Lenten Cinnamon & Tahini Rolls

One of the ways to cope with fasting for Lent is snacking and quite often, I’m left with the constant desire for sweets during this challenging time. No dairy, no eggs makes eating desserts almost impossible. Almost.

Enter this easy Lenten treat that’s inspired by the Tahinopites of Cyprus. Close family friend and Cypriot-born Helen Koccoris (nee Iordanou) joined my mother and I in the kitchen to help us re-create this memory from far-far away and long ago when she was a girl in Nicosia.

Mrs. Koccoris remembers being treated to a Tahinopita from one of the food stands in the city. These were offered as quick snacks. a breakfast treat, if you will. Together, Mrs. Koccoris, my mom and I developed this recipe which is inspired by the Tahinopites of Cyprus, right down to the texture and flavour.

The main ingredients of these rolls are flour, tahini (sesame paste) and cinnamon. Obviously sugar is also involved and the very same spices that are often found in Tsoureki, the Greek Easter bread are all present: Mahlepi and Mastic.

I like that Mahlepi and Mastic and included in this recipe. It’s a kind of foreshadowing of the coming Easter feast which includes Tsoureki on the grand table this coming Sunday. To make these Rolls, I recommend preparing the dough the evening before you are going to bake them. Fill and roll them up, cut them into their pinwheel pieces and lay in your deep baking vessels. Thrown them in your oven and allow them to rise overnight.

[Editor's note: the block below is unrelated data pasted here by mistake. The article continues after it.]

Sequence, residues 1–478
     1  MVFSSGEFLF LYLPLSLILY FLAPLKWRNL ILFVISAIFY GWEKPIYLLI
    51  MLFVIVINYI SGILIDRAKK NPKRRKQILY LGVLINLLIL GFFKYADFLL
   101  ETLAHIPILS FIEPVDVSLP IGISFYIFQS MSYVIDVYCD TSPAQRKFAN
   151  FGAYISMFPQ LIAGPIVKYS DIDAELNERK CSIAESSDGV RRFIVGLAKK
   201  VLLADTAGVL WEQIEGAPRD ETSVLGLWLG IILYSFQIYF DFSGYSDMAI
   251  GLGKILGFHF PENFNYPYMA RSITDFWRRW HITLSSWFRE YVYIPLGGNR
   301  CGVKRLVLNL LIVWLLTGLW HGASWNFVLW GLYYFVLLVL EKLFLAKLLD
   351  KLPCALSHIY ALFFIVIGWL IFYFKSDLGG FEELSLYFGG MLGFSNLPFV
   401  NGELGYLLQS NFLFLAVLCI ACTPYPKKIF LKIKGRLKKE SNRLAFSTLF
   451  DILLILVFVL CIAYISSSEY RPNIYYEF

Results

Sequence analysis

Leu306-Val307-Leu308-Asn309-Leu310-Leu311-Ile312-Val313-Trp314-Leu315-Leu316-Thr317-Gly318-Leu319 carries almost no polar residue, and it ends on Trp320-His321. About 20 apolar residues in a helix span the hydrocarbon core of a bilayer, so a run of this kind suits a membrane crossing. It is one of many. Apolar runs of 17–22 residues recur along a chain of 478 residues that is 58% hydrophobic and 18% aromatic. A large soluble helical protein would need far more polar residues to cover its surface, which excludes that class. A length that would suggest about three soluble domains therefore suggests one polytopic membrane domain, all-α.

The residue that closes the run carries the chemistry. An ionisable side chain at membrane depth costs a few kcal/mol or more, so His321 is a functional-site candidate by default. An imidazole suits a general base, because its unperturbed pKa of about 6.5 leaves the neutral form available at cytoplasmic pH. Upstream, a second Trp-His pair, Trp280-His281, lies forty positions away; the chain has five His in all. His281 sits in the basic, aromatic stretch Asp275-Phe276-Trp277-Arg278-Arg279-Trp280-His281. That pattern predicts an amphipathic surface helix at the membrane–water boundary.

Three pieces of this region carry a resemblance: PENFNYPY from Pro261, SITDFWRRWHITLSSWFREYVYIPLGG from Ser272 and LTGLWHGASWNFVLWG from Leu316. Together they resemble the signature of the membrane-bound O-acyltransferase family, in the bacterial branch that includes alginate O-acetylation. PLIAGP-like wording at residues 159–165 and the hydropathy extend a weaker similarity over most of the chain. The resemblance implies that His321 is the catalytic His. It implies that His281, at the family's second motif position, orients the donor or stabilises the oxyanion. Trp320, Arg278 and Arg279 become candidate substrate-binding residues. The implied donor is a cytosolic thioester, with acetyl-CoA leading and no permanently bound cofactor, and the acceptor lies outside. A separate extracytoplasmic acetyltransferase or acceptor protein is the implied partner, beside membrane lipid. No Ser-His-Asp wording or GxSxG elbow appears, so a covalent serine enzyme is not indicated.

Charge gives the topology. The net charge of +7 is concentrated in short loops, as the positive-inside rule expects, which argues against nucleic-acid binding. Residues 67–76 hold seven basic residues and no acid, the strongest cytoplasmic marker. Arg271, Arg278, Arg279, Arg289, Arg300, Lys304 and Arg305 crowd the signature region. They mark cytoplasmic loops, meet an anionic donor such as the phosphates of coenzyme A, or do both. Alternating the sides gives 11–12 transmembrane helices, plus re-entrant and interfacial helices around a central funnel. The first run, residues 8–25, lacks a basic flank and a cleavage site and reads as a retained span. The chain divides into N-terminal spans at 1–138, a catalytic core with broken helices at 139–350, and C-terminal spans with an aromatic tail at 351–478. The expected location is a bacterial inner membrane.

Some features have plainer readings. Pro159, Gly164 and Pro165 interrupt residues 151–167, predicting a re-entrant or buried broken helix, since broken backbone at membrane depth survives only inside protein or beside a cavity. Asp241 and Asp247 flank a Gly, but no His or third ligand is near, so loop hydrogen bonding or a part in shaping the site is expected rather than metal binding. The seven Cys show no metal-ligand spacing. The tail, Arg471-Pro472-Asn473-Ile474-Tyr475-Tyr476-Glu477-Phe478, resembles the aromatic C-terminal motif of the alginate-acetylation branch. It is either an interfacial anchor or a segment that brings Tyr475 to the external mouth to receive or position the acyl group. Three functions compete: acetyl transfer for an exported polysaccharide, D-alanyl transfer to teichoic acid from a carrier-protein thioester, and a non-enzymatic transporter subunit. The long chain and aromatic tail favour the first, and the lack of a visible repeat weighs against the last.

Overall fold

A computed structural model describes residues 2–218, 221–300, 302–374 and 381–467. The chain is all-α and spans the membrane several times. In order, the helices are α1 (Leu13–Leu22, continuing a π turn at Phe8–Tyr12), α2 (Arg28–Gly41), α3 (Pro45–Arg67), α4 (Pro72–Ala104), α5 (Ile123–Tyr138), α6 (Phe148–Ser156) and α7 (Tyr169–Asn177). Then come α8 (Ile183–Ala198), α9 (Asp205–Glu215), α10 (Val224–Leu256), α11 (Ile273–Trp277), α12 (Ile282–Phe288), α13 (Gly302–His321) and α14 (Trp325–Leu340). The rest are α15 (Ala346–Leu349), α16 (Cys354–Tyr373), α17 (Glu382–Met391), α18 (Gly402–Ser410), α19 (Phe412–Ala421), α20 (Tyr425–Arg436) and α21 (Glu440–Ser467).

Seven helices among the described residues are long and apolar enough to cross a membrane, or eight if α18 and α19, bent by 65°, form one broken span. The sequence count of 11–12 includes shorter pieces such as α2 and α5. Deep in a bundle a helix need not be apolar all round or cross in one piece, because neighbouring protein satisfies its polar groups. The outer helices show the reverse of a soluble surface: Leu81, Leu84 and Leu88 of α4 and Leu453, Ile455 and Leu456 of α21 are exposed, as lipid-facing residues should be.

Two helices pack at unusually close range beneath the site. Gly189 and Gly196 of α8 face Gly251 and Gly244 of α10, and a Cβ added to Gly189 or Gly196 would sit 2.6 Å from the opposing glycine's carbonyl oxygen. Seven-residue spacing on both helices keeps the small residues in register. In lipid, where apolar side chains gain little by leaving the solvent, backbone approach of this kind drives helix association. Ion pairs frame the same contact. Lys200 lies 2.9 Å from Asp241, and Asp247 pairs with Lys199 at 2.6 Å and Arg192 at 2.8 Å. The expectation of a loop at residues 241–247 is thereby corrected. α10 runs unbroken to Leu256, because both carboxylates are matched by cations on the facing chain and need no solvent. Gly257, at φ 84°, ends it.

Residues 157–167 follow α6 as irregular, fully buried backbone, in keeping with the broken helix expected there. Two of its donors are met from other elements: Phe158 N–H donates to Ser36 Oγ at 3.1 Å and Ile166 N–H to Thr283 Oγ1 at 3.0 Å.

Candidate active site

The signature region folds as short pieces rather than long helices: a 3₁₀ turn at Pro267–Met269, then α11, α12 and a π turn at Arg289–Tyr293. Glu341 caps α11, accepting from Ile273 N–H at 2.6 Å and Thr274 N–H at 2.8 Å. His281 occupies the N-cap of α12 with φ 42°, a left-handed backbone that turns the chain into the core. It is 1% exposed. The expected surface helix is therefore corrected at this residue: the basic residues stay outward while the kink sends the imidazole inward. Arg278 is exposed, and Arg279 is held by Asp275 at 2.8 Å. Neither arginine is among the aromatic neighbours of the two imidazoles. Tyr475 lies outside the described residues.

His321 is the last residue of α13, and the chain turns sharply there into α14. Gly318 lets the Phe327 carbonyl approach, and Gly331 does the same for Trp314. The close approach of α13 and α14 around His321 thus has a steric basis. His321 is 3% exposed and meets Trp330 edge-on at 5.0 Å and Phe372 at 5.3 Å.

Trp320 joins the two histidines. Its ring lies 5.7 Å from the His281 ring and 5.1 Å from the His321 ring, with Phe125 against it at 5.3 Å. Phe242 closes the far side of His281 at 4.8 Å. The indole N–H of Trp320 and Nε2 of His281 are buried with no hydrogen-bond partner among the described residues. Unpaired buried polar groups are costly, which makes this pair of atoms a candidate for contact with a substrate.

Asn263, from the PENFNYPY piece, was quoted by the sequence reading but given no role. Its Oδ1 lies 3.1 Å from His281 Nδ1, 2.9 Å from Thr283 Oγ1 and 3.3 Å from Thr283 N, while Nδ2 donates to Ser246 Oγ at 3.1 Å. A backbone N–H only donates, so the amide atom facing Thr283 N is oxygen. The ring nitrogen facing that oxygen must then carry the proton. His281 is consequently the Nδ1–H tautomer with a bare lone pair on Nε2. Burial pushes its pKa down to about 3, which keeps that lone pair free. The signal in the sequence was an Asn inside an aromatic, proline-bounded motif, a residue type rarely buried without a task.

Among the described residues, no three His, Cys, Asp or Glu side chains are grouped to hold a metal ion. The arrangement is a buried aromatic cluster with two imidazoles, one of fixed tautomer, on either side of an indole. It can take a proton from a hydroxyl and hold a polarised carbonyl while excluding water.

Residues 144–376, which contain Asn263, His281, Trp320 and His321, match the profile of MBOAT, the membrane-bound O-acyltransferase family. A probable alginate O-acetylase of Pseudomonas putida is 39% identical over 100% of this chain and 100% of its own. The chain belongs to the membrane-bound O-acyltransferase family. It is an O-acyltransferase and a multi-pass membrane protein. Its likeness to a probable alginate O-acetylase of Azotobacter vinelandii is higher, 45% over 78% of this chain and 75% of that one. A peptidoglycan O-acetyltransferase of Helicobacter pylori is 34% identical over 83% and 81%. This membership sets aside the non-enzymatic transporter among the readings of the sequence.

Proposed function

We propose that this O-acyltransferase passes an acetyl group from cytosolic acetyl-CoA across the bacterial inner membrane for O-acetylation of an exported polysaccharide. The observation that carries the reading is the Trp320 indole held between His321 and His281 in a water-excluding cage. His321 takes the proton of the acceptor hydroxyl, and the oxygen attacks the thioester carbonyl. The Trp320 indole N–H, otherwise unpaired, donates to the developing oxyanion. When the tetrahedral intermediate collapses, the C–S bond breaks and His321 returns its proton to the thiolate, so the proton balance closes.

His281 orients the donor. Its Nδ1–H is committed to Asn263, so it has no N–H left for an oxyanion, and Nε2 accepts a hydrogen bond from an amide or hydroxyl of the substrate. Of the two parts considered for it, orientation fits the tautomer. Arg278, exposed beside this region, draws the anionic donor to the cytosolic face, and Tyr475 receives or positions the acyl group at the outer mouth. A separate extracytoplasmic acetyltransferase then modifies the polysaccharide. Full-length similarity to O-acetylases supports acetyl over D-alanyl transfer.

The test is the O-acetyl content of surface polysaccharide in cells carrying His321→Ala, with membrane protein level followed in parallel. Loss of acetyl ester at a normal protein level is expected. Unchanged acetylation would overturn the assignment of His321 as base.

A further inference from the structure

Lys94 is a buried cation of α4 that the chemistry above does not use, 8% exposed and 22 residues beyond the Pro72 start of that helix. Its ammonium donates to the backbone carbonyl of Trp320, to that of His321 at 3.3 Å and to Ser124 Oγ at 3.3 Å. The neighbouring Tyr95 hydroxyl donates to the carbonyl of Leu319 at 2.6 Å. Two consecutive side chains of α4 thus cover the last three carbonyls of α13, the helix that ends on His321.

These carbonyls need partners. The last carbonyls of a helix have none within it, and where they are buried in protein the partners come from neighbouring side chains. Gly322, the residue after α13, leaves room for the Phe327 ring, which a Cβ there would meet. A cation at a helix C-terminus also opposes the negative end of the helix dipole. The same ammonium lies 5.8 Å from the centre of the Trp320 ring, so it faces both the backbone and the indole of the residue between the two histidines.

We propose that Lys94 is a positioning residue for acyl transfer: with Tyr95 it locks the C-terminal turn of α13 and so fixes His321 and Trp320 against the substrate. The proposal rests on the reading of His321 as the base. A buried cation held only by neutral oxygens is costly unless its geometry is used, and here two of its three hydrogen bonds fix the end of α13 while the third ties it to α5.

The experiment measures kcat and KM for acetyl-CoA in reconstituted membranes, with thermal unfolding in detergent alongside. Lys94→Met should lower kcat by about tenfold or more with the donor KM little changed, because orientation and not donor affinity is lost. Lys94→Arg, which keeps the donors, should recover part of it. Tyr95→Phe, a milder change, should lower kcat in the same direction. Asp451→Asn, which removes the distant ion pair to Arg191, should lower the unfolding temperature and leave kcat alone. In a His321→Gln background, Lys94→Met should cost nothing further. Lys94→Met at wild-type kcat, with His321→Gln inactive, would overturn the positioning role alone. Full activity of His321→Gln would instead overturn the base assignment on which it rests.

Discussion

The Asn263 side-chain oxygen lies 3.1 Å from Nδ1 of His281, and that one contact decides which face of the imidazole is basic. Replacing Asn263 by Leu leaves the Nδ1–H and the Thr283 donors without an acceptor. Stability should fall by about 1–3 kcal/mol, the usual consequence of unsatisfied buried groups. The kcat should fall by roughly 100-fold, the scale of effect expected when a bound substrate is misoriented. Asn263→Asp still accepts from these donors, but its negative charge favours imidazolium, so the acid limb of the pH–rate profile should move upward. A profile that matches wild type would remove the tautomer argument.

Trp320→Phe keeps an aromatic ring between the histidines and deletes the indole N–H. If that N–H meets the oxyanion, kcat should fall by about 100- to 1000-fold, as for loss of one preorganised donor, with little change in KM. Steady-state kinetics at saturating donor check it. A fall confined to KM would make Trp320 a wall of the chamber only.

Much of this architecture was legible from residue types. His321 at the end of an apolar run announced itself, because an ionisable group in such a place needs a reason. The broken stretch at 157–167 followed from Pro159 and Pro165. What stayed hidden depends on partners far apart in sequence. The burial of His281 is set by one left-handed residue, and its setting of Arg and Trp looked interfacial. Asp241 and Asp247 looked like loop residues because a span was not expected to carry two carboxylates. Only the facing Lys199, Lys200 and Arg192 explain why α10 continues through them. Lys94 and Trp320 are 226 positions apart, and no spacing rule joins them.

Wake-up, take them out of the oven and you will see that they have swelled and joined (that’s okay). Pre-heat your oven, and serve with a Greek coffee.

This recipe is dedicated to Mrs. Koccoris’ mother, Antigone Iordanou. A lady who lived a full life and who touched the lives of many people and often referred to my mother as “kori” or daughter. This meant alot to my mother who spent most of her life here in Canada, away from her own mother.

Lenten Cinnamon & Tahini Rolls (Νηστίσιμα σαραγλάκια με κανέλα και ταχίνι)

3 1/2 cups all-purpose flour

1 packette of active dry yeast

1/2  cup granulated sugar

1 1/2 Tbsp. ground cinnamon

1 tsp. ground Mahlepi

1/2 tsp. ground Mastiha

extra flour for working the dough

1 1/2 cups of tepid water

Filling

200 gr. Tahini

1 cup granulated sugar

1 tsp. ground cinnamon

Pre-heated 300F

  1. In a large bowl, add your yeast along with a little sugar and your tepid water. Stir and allow for the yeast to activate for a couple of moments.
  2. Combine all of your dry ingredients in another bowl. Add wet to dry ingredients. Knead with your hands and you should end up with a dough that is not tacky (sticky). Adjust water or flour if the dough is too sticky or too dry.
  3. Place the dough in a bowl and cover with plastic wrap. Allow to rise in a warm spot in the kitchen for 60-90 minutes.
  4. In the meantime, mix your filling in a bowl with a spatula and set aside.
  5. Turn out your dough and cut in half. Roll out each half into a square/rectangle (approx. 2 X 1 1/2 feet). Divide and spread your tahini filling on the surface of each section of rolled out dough, except for 1 inch of the dough on each side.
  6. Carefully roll up each sheet of dough and using a sharp knife, slice into 1 1/2 inch rolls. Turn each piece onto its open end and place on a deep baking tray that’s been greased/treated with cooking spray.
  7. Allow to rise in your baking tray for 2-3 hours (minimum) or overnight. Your rolls will/should puff/expand and pre=heat oven.
  8. Place in your pre-heated oven (middle rack) 30 minutes. Allow to cool for 2-3 minutes and separate and remove from tray and allow to cool on a rack. Serve for breakfast, as a snack or with a Greek coffee.